Every year I’m surprised again by how gardens, especially those planted with annuals, can retain – visually, plant-wise – a sense of summer almost right up to Christmas light switch-on time. Six weeks ago I was there (not even doing anything strenuous; a spot of deadheading and curating bunches of flowers) in a t-shirt. Four weeks ago the allotment looked as in the pictures above, the party still very much in full swing. But on my most recent visit, the lights had come up and the place was well and truly frosted; dahlias blackened, courgettes seemingly evaporated and my nasturtiums struck down in their infancy.
British Summertime is over and I’d say the first season on the allotment’s been a qualified success. Most of my major architectural fantasies – constructing a bench-cum-folly with a ‘Greek’ Thomson feel, possibly in salmon; a green roof for the shed and maybe a couple of pilasters and a pediment on the front; transplanting and cloud pruning some box balls I planted as sprigs from Lidl in my parents’ garden years ago – haven’t materialised. In the event just watching plants grow and intermingle in unexpected ways was pleasure enough to push all my grand designs to the backburner. I’ve not eaten as much produce as I might have hoped for; partly because I didn’t prioritise big croppers, partly because my current living arrangements and an intensely frustrating prescribed diet I’m on have hindered my culinary experimentation.
In general though, given how late it felt like I ended up planted everything, the allotment came through for me. The great advantage of not being there all the time was that every return visit was like returning to your garden after a holiday, when you can’t believe how much things have changed. The dahlias, whose corms I’d previously only ever stuck in as afterthoughts in overcrowded borders were a revelation when given a decent amount of space and light. As flowers they somehow have a presence to them that means each flower feels like a tangible achievement, a prize or a present. The sunflowers did well in the end too, although didn’t quite form the solid background screen I'd envisaged. They also grew notably stronger on one side of the plot than the other - I have to confess there’s a large part of the plot where I’m still not sure if there’s a solid layer of concrete a foot or two down or just badly compacted subsoil.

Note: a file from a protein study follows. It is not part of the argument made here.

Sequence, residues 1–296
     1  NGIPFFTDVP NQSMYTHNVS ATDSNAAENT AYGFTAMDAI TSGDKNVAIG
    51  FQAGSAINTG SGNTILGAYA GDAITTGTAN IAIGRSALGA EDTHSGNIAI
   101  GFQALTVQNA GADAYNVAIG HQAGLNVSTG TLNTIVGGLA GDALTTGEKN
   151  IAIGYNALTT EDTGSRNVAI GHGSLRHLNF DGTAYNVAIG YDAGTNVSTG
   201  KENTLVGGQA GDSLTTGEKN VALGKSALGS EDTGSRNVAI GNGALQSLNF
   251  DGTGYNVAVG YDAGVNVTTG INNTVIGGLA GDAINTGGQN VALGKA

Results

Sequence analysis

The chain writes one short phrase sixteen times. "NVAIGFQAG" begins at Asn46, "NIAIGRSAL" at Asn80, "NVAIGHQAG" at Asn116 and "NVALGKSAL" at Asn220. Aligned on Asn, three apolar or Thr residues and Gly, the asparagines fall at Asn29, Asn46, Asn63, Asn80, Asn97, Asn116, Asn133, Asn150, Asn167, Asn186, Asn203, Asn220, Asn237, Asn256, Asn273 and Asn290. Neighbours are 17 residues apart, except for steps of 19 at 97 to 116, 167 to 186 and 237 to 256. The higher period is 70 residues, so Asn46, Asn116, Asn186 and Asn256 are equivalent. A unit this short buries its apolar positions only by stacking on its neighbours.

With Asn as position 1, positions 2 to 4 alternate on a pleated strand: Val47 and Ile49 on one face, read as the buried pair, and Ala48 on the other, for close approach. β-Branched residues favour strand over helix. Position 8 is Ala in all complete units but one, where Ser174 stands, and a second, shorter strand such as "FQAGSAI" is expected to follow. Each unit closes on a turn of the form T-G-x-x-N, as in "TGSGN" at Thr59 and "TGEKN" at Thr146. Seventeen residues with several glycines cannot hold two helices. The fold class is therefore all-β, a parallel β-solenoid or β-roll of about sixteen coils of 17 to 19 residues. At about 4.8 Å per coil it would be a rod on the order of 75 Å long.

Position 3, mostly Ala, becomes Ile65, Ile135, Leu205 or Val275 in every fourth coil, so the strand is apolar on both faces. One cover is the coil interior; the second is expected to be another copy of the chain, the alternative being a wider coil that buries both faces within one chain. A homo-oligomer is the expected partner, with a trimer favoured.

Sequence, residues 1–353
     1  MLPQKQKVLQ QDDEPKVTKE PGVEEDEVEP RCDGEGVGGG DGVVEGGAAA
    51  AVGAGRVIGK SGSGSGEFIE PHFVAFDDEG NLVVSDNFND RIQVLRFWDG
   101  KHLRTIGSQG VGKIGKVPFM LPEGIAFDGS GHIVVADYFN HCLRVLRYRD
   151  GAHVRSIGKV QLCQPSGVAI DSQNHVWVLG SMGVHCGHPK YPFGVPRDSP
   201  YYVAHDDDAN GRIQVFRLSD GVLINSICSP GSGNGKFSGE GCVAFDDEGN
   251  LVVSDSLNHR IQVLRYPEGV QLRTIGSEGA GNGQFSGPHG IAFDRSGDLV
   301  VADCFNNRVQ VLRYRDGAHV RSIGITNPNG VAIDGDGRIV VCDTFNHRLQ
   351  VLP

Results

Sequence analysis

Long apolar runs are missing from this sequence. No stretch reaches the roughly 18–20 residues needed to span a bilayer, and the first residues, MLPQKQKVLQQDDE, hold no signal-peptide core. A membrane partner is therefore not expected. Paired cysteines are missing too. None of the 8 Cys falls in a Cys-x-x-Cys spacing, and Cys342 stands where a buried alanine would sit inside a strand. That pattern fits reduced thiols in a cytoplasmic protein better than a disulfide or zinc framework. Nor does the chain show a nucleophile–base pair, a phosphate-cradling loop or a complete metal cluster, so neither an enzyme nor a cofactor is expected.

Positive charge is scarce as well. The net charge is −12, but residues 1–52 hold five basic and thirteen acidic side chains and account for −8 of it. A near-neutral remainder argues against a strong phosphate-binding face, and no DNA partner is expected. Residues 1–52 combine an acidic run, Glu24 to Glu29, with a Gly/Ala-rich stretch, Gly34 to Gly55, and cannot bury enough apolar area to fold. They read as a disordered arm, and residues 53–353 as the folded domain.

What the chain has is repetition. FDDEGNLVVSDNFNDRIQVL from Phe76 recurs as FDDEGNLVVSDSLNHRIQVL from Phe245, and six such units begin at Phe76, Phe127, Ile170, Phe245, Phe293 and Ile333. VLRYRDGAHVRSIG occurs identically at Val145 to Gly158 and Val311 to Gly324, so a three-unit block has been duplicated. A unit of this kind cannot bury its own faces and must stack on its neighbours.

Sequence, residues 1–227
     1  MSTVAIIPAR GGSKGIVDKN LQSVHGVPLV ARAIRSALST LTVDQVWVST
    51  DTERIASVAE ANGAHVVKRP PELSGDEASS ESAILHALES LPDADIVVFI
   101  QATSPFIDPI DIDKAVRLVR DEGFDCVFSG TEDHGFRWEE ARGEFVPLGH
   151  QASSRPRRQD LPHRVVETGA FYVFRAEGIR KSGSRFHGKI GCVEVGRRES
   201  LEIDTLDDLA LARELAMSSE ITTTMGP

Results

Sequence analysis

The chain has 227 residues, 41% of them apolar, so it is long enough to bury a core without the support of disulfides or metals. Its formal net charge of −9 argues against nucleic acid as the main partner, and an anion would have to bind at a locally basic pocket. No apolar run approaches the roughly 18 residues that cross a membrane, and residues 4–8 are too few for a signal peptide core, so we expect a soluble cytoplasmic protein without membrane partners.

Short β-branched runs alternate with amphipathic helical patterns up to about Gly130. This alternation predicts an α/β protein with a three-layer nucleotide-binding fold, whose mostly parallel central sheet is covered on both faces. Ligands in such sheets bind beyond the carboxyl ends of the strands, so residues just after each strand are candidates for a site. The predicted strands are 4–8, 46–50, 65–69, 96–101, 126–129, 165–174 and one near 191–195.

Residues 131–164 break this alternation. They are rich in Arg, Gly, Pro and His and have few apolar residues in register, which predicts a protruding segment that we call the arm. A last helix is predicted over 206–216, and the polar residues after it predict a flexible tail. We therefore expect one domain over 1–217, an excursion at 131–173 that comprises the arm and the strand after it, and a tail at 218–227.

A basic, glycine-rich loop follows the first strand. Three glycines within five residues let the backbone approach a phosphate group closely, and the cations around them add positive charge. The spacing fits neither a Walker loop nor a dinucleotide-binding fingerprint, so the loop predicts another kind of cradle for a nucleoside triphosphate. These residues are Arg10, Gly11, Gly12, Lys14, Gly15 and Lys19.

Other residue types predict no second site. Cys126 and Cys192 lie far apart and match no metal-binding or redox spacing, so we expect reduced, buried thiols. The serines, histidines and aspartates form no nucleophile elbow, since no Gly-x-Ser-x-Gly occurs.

I cheered on the butternut squash’s triffid-like scramble across the plot, along the fence and halfway up the support for my borlotti beans. It certainly produced enough blowsy Georgia O’Keeffe flowers, but a grand total of two squashes. Like a few other warmth-lovers it didn’t seem to be feeling the vibe of the Glasgow summer outdoors. My cucamelon (a melon/cucumber hybrid I was psyched about), purchased at a West End open garden, all but disappeared despite being situated against the west-facing wall which noticeably radiates heat from feet away. This wall is something I plan to exploit much more in the future. I got a couple of raspberries off my eBay bare root canes, again planted late, but they tasted a bit rank if I’m honest; I hope I’d just brushed my teeth too diligently before leaving the house.
I now need to get my hands on some pallets, if I can find any that haven’t been upcycled into coffee tables, and make a proper bin to start composting this year’s growth. For winter, with the option of being able to get stuck in after work off the table, I plan to all but put the allotment to bed. I’ve planted out some broccoli, I’m planning to sow winter greens, still have plenty kale and my Brussels sprouts are starting to look substantial, if pecked by wood pigeons. I should definitely have netted these months back but didn’t for aesthetic reasons, which leads me on to the main thing I need to figure out when planning next year: is my priority still a degree of productivity or should I focus even more on the effect in the ‘garden’ itself?